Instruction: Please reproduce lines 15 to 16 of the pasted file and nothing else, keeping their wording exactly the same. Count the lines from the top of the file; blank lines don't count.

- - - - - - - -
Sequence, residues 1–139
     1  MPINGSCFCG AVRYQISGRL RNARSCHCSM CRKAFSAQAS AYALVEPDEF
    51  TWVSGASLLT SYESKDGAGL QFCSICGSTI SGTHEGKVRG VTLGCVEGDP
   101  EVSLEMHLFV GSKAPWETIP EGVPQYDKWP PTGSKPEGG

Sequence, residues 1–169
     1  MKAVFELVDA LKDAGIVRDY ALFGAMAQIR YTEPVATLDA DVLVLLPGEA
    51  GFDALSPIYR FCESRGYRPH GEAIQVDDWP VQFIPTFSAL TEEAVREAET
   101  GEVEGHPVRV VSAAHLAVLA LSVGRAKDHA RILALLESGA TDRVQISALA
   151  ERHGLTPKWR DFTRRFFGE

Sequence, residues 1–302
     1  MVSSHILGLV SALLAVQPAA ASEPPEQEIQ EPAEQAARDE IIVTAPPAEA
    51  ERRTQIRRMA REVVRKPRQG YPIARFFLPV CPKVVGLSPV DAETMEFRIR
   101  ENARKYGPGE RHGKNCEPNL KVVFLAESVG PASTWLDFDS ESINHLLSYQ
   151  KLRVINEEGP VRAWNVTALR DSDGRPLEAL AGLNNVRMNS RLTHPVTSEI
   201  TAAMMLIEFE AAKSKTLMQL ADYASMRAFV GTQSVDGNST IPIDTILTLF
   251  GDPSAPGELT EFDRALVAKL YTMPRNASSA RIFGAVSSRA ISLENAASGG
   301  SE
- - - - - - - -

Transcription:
   201  TAAMMLIEFE AAKSKTLMQL ADYASMRAFV GTQSVDGNST IPIDTILTLF
   251  GDPSAPGELT EFDRALVAKL YTMPRNASSA RIFGAVSSRA ISLENAASGG